Union membership has declined precipitously in the U.S., in some measure because private-sector employers can fire employees for trying to organize a union and pay only small fines as a cost of doing business. Public-sector employers, by contrast, rarely if ever terminate employees for organizing, and membership has skyrocketed among teachers, police, firefighters, and some higher-education employees.
Now, a number of Republican governors are striking back and seeking to curtail, or even end, collective bargaining rights for public employees, including those in higher education. The epicenter is Wisconsin, where Gov. Scott Walker is using the budget crisis as a pretext not just to trim pay and benefits for public employees, but also to constrain the right of collective bargaining itself.
Wisconsin, the first state in the union to provide for collective-bargaining rights to public employees in 1959, is now, ironically, trying to move in the direction of states which prohibit or severely limit the rights of public employees to bargain collectively. Most of those states are in the former Confederacy.
In Wisconsin, teachers, professors, graduate students, and other public employees have been marching in Madison to oppose efforts by Gov. Walker to limit collective bargaining to wages. (For University of Wisconsin faculty and staff, the bill would strip collective-bargaining rights entirely.)
The press is painting the battle as one between Democrats, who are helped by unions, and Republicans, who want to crush a key Democratic constituency; and politics is undeniably a huge motivating force in this debate. But on the merits, Walker’s proposal is flawed for several reasons.
For one thing, economists will note that in order to attract a given quality of candidate, the entire package of compensation is what’s relevant. If unions can no longer bargain for superior benefits, in the form of pensions or health care, government will either have to raise wages to make the entire package more attractive, or will attract a weaker pool of candidates.
For another, severely limiting the scope of collective bargaining to wages undercuts another important function of unions: to democratize the workplace by increasing workers’ voices on important issues. As the late Albert Shanker, the head of the American Federation of Teachers noted, conservatives who want to limit the scope of bargaining to issues like wages shrewdly put teachers’ unions in a box. Teachers and their unions also care about curriculum, and class size, and discipline codes, and equality in school funding. But when conservatives force them only to bargain over issues like wages, it makes teachers look as if they’re selfish and only care about money.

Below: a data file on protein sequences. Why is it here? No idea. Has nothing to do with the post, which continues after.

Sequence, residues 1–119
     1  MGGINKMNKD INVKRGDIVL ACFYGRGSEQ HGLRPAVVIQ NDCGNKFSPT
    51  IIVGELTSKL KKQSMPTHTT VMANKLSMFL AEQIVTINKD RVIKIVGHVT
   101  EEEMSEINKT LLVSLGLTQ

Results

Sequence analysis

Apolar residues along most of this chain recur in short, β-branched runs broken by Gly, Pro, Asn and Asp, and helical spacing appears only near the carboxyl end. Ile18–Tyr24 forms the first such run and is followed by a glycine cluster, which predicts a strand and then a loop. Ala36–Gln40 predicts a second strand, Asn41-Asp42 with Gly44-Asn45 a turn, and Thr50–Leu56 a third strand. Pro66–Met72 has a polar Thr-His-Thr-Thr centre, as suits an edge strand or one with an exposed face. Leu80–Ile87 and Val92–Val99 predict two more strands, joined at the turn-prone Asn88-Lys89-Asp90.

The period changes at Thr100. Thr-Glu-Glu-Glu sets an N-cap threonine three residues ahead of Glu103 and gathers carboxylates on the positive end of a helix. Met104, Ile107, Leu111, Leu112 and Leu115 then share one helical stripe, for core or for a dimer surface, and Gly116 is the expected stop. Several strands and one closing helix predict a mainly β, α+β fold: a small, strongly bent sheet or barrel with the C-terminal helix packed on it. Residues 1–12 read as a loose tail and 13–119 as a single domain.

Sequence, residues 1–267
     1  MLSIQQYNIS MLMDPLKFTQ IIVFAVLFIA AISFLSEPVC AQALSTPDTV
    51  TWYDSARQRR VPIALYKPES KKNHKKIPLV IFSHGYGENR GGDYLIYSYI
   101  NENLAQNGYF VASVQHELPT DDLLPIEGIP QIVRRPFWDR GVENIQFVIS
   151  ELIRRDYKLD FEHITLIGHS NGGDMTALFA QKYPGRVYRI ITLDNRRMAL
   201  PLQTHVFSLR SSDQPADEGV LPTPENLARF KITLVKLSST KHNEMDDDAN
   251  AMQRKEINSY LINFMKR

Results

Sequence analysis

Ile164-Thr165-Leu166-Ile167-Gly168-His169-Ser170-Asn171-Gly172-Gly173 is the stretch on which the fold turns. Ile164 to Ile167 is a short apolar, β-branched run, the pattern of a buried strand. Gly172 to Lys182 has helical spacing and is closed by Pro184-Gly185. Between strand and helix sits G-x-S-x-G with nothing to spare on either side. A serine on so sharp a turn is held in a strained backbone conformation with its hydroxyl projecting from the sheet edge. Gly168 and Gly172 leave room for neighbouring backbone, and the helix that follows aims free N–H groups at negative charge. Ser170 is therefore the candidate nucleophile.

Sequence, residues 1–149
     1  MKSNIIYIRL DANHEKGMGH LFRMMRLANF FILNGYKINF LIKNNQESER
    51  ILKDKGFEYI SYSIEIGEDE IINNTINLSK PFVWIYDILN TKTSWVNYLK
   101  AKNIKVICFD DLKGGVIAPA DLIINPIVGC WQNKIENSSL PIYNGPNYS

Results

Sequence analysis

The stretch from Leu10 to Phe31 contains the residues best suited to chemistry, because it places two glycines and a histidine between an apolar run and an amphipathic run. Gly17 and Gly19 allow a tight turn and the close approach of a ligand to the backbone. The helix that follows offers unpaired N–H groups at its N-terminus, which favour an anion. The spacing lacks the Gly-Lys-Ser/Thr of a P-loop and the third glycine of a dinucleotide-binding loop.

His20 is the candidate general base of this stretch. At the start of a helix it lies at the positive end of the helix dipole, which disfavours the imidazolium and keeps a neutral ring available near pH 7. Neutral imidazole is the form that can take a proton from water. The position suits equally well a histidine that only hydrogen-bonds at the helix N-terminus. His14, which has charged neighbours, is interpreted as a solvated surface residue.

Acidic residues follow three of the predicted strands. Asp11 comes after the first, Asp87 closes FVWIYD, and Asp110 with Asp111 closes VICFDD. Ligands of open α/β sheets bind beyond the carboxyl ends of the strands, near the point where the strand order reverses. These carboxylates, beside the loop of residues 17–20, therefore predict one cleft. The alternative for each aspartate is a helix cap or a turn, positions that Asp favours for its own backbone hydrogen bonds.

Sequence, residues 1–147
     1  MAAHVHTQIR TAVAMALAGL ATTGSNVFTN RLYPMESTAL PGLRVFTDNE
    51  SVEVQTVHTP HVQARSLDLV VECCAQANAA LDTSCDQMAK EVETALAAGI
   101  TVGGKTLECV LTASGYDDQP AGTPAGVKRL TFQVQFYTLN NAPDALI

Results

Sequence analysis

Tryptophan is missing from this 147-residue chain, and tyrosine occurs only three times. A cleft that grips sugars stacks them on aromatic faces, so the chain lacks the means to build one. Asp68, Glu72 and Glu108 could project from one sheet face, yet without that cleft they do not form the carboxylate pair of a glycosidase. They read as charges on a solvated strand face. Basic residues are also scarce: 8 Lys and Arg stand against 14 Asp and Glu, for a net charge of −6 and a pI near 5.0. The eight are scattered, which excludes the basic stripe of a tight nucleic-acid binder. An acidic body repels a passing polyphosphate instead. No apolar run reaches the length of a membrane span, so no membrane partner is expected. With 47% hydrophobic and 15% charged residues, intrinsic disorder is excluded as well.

In the political debate in Wisconsin, both sides are taking some cheap shots. As Jack Stripling notes in The Chronicle, some professors have made a point of noting that Gov. Walker lacks a college degree, a tactic unlikely to win over members of the public—more than two-thirds of whom also lack four-year degrees. Gov. Walker, meanwhile, is cynically pitting private employees against public employees. He told a radio station that private manufacturing plant workers who “don’t have pensions” are not sympathetic to public employees who do. It appears not to occur to Walker that instead of leveling down, private employees could also unionize in order to win decent health-care and pension benefits.
Harold Meyerson, writing in the Washington Post, compared Wisconsin to Egypt and Scott Walker to Hosni Mubarak. There are, of course, enormous differences between the democratically-elected governor of Wisconsin and the deposed Egyptian dictator, but there are some interesting parallels. Wisconsin is witnessing, as Egypt did, a powerful alliance of students and workers. And the “assault on unions,” as Barack Obama properly characterized the legislation in Wisconsin, eats away at our democracy by undercutting the one viable sector of what was once a thriving American labor movement. The fight in Wisconsin, in other words, is about much more than health and pension benefits, as important as those are. It’s about the continuing vitality of the one force in American democracy that can provide a check on corporate power, and at the same time can give employees democratic voice in the workplace.
As one commentator ominously noted, “if it can happen in Wisconsin, it can happen everywhere.”